"When a language is written in a different alphabet, it remains the same language," said Ornan. "So when you write Hebrew in Latin letters, the words must continue to be Hebrew words."
Ornan's goal is that even when Hebrew is written in Latin letters, readers will be able to reconstruct the structure of the original Hebrew word.
"We have to ensure that the transcription does not change the language," he said.
A transcription method that does not make the necessary distinctions between different letters, Ornan said, "Would be Israeli, not Hebrew - and that's a different language." Ornan favors the use of diacritic signs, which exist in numerous European languages, in order to transcribe certain Hebrew letters.
Thus, for instance, he argues that rather than using the "sh" combination commonly used in English to transcribe the Hebrew letter shin, the solution is to use an "s" topped by a diacritic sign, like in Czech.
"Every language has its own rules of pronunciation," Ornan said. "An Englishman does not pronounce the name of the French car 'Renault' the same way a Frenchman does. It's important to ensure that the transcription of Hebrew letters does not become English. Should we avoid diacritical signs simply because they don't exist in English? That amounts to establishing that English is the world's only language.
"We are a country of immigrants with about half a million people who hardly know the Hebrew alphabet. If we transcribe different Hebrew letters using the same Latin letter, we are impeding them from understanding Hebrew," Ornan continued.
Ornan's own transcription system, which he has simplified over time, is nevertheless still complex enough that it would require supplying tourists arriving in Israel with a short explanatory text on how to read and pronounce the road signs written in Latin characters.
TRANSCRIPTION IS by no means a modern phenomenon. In the Jewish world, Hebrew letters were themselves historically used to transcribe other languages - not only Yiddish, which is written using the Hebrew alphabet, but also Judeo-Arabic, which was spoken by Jews in medieval Spain.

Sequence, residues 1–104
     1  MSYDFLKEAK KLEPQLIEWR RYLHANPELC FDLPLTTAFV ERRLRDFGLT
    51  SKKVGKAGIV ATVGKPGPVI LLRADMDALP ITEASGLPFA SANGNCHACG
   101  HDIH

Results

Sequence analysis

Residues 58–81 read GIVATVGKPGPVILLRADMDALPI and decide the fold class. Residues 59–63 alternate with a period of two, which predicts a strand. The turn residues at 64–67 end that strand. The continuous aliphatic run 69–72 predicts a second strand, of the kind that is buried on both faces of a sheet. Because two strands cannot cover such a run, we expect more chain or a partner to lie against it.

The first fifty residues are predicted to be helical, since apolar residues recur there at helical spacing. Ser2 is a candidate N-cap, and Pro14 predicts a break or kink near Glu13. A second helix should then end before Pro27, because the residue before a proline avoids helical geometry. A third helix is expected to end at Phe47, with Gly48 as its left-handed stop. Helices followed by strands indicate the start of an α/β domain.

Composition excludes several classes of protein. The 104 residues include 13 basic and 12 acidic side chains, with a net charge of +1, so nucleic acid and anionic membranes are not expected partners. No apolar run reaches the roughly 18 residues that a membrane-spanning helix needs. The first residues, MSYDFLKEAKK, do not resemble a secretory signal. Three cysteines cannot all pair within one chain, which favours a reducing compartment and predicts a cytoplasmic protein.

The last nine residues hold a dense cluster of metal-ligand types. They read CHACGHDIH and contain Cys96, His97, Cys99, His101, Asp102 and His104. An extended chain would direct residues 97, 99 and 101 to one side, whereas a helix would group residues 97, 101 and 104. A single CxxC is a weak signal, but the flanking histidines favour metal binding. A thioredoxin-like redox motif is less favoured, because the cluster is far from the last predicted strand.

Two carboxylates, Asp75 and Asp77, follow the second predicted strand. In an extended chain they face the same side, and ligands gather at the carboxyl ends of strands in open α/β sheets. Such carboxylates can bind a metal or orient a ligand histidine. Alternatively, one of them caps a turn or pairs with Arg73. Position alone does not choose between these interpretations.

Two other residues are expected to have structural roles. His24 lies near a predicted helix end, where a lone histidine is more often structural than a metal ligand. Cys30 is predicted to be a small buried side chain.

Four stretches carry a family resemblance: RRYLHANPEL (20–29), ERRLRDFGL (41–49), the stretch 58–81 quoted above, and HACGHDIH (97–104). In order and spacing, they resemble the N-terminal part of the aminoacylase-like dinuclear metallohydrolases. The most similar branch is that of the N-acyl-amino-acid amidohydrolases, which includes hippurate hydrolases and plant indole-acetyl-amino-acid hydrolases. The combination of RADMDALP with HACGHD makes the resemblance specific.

In the early 20th century, Ataturk decreed that the Turkish language, previously written in Arabic script, be entirely Romanized as part of his program of Westernization. More recent examples of unofficial Romanization include the so-called Greeklish - a form of Greek written in Latin letters that is used in e-mail communication and which has evolved into a form of slang.
Although the necessity of transcribing place names into English is far removed from an attempt to Romanize the entire Hebrew language, such attempts have been made in the past: Ironically, it was none other than Itamar Ben-Avi (the son of Eliezer Ben-Yehuda, the best-known pioneer of modern Hebrew) who first suggested entirely Romanizing the Hebrew language. Ben-Avi went so far as to consult with eminent rabbis, who decreed it was permissible for the sacred Hebrew letters to be transcribed for secular purposes.
Nevertheless, certain dangers associated with Romanization may also arise in the case of limited transcription systems such as the one applied to Hebrew place names.
"A transcription of Hebrew based on the principles of English pronunciation is problematic," said Sabine Huynh, a linguist at the Hebrew University at Jerusalem who specializes in languages in contact and is an expert on French-Vietnamese linguistics.
As early as the 17th century, European missionaries in Vietnam began transcribing Vietnamese into Latin characters; today, the Romanized version of Vietnamese is the country's official means of communication.
What the example of Vietnamese teaches us, according to Huynh, is that the transcription of a given language according to the principles of another language may well result in an impoverishment of the original language.
At least some linguists, she said, believe that the Romanization of Vietnamese - which is a tonal language - has resulted in the reduction of the number of tones employed in contemporary Vietnamese, because the diacritical signs used by the French and Portuguese colonizers were not sufficient to match the original range of Vietnamese tones.
"One of the disadvantages of Romanization is a reduction of the original language," she said, "because it inevitably results in simplification."
May the Hebrew language itself indeed be affected over time by its transcription into Latin characters, whether this is done in a limited context such as that of official place names or in a wider range of both official and non-official realms - from the registration of names by the Interior Ministry to Hebrew e-mail communication in Latin characters? In a country predicated upon uncertainty, it is certainly difficult to tell.